I’m old enough to remember 1974 when Edward Heath failed to win an overall majority and went on to resign after negotiations with Jeremy Thorpe, who was then leader of the Lib Dems, came to nothing. It was the end of the world, politically speaking, for Heath and Gordon Brown had that look about him today when he addressed the media in Downing Street. I hope that he is philosophical in defeat – after all, he is an unelected leader and in all fairness has been on borrowed time for a while. Now we have to wait while the desperate struggle for power – poorly disguised as conscientious and serious-minded men doing ‘what’s right for the Country’ – is slugged out behind closed doors. The last time this happened, in 1974 when Harold Wilson formed a minority government after Heath resigned, we were back at the polls in eight months. Spare me, please.

So Italy, the cuisine of the Veneto and the ever-romantic Venice beckon.

Ciao bella!

Vote for me at your peril – finally

Well, it’s make your mind up time; we vote today and I can’t say that I’ve reached any sort of conclusion. We’re about past the novelty of having the Liberal Democrats soaring above the moral high ground and the polls have settled. The euphoria of ‘yes, these guys really are saying something new’ has gone and, typically, we are at the ‘hmm, do I really want to change things that much?’ stage. The Lib Dems are mostly shown in third place now, albeit with a greatly increased share of the popular vote, but very close on the heels of Labour. So now we’re faced with an unpalatable situation where their soaring popularity appears to have taken a significant amount of the ‘where do I place my vote’ electorate – the floaters – and spread them like cheap marmalade across the political front. This has left the analysts warning us that a hung parliament is almost a certainty. Well, one thing about politics is that nothing is certain but, based on the number of seats each party will win according to the latest polls, neither Conservatives nor Labour will have an overall majority. Both will need the Lib Dems or the other minor parties to turn any policy into legislation.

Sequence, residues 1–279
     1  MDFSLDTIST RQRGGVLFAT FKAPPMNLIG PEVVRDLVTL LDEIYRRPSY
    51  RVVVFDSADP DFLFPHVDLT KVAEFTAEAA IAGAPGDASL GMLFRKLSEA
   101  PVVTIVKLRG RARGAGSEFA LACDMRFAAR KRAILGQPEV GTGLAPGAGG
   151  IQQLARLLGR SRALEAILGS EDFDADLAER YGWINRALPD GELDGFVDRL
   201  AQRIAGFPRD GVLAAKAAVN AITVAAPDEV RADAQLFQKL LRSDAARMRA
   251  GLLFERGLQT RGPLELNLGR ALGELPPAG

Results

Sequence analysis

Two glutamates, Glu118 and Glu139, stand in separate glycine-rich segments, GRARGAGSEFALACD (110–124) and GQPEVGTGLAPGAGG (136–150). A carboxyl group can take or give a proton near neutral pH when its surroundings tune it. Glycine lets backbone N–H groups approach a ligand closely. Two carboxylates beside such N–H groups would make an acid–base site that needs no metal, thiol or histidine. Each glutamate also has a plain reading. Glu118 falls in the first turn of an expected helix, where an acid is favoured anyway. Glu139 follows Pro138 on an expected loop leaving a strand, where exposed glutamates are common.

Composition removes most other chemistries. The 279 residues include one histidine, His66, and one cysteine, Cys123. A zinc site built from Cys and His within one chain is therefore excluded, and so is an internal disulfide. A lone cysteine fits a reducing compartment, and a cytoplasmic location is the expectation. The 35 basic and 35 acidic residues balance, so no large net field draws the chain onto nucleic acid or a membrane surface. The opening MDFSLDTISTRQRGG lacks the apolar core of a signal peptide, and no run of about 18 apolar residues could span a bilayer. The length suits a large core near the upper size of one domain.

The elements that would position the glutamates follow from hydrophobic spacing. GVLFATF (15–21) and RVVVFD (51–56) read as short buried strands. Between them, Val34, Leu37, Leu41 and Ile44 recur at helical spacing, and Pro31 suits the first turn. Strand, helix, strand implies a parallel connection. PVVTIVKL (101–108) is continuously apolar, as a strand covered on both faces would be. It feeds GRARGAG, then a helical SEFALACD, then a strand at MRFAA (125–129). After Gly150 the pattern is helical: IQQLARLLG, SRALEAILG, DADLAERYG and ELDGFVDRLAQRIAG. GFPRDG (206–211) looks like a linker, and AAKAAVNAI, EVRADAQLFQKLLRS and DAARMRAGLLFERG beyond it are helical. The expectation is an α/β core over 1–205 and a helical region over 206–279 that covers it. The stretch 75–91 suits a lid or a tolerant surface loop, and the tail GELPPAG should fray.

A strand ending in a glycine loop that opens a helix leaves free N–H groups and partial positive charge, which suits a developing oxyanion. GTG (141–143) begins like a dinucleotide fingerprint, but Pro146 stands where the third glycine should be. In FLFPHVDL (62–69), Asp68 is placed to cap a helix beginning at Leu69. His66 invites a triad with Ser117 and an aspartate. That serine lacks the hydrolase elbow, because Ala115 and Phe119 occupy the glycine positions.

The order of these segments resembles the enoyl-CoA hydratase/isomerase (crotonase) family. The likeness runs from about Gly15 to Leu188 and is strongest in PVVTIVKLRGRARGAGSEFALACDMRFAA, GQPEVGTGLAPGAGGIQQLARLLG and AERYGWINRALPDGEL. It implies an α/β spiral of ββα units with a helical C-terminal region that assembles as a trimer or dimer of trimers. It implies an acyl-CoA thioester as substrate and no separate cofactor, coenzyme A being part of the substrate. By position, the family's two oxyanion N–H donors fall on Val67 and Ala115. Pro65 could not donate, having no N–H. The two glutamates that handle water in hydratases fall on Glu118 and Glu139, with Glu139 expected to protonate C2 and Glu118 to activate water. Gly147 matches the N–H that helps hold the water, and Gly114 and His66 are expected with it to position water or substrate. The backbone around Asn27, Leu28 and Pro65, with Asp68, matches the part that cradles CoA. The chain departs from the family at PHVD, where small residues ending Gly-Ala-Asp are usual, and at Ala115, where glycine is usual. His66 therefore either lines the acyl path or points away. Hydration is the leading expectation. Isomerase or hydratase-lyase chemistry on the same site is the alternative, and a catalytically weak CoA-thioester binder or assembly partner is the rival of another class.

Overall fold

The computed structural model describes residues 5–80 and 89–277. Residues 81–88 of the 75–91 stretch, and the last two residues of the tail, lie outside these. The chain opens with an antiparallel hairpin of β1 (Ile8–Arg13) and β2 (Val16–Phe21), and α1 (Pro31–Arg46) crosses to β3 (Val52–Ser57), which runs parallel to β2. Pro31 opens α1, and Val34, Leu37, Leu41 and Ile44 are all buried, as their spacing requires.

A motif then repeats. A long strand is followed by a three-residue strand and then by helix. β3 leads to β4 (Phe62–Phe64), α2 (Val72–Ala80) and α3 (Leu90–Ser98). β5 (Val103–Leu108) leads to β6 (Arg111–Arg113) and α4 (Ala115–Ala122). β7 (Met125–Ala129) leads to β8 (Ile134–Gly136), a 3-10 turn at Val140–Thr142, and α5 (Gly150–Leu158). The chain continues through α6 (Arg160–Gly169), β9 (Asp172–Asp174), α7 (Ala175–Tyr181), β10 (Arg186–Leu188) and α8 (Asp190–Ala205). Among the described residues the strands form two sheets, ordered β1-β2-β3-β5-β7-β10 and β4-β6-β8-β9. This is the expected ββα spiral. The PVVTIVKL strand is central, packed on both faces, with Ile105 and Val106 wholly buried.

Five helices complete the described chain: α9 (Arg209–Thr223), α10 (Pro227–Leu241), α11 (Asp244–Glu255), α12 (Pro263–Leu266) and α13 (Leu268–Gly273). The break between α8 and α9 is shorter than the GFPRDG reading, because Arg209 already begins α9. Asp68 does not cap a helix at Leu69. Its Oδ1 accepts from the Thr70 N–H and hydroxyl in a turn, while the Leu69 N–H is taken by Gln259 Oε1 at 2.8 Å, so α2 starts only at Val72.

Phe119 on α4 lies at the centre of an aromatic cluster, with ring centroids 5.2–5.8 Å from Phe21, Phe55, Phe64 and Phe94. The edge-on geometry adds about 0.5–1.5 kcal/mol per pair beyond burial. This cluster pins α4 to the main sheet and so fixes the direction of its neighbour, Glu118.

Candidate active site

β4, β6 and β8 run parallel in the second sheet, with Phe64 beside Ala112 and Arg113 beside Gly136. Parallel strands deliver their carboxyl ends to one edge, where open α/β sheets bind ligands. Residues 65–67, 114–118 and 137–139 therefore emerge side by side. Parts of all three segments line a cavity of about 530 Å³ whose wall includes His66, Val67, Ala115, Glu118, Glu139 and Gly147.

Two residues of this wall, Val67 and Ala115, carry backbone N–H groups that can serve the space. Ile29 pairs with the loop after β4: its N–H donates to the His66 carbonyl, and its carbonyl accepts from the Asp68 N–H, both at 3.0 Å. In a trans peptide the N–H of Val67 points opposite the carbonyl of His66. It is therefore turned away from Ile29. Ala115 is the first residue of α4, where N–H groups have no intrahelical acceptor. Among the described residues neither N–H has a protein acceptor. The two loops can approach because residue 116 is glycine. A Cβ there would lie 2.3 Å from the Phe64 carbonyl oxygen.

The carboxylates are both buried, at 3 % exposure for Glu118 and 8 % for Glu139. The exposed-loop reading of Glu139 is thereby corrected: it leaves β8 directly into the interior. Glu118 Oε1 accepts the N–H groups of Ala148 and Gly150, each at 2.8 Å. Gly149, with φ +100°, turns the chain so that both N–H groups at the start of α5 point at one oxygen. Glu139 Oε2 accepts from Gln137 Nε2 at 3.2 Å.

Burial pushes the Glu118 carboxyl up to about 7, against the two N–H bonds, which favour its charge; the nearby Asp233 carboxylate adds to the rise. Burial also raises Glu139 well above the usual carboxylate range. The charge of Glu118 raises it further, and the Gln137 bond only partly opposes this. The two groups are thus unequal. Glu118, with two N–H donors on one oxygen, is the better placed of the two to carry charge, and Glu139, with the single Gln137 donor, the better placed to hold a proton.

That eventuality will leave us with the possible nightmare scenario of Labour being patched up with a motley crew of minority groups and Gordon Brown being Prime Minister again tomorrow. Perish the thought of that fake smile on the front of The Times. A coalition will, of course, represent the change that everyone has talked about but will it be a change for the better? Our last coalition government was formed in 1931 and steered us through the effects of the Depression and the Second World War. People didn’t want change then, they wanted leadership and as soon as the war was over politics went back to normal. This time around we want change, but we want it because we’re all fed-up to the back teeth with the untalented and dishonourable shower that represent us today. Things aren’t quite as bad as they were in 1931 although some bankers may not agree with me when they receive their bonus cheques.

I remember when, as a young lad with an awakening interest in politics, I sat up all night eagerly watching the declaration of results in obscure constituencies during a general election. Loose-tied and bug-eyed candidates making ‘thank-you’ speeches in front of a few dishevelled party faithful at 4.40am was fascinating then. It was a long haul that gradually lost its interest over the years but that was a lot to do with my growing cynicism with politicians. As I became older Election night became more bearable for me with support from an excellent single malt and, in the Middle East, an election breakfast next morning with champagne, eggs, bacon, tomatoes and baked beans. Tonight the events will be broadcast live in High Definition for the first time but, if I were a gambling man, I wouldn’t bet on it being very different. Older and wiser now, I won’t lose a lot of sleep over it. I would, however, like to be a fly on the wall when David Cameron or Gordon Brown call Nick Clegg and start the process of thrashing out how they can keep the gravy train moving with the extra weight of the Lib Dem contingent in the rear carriage.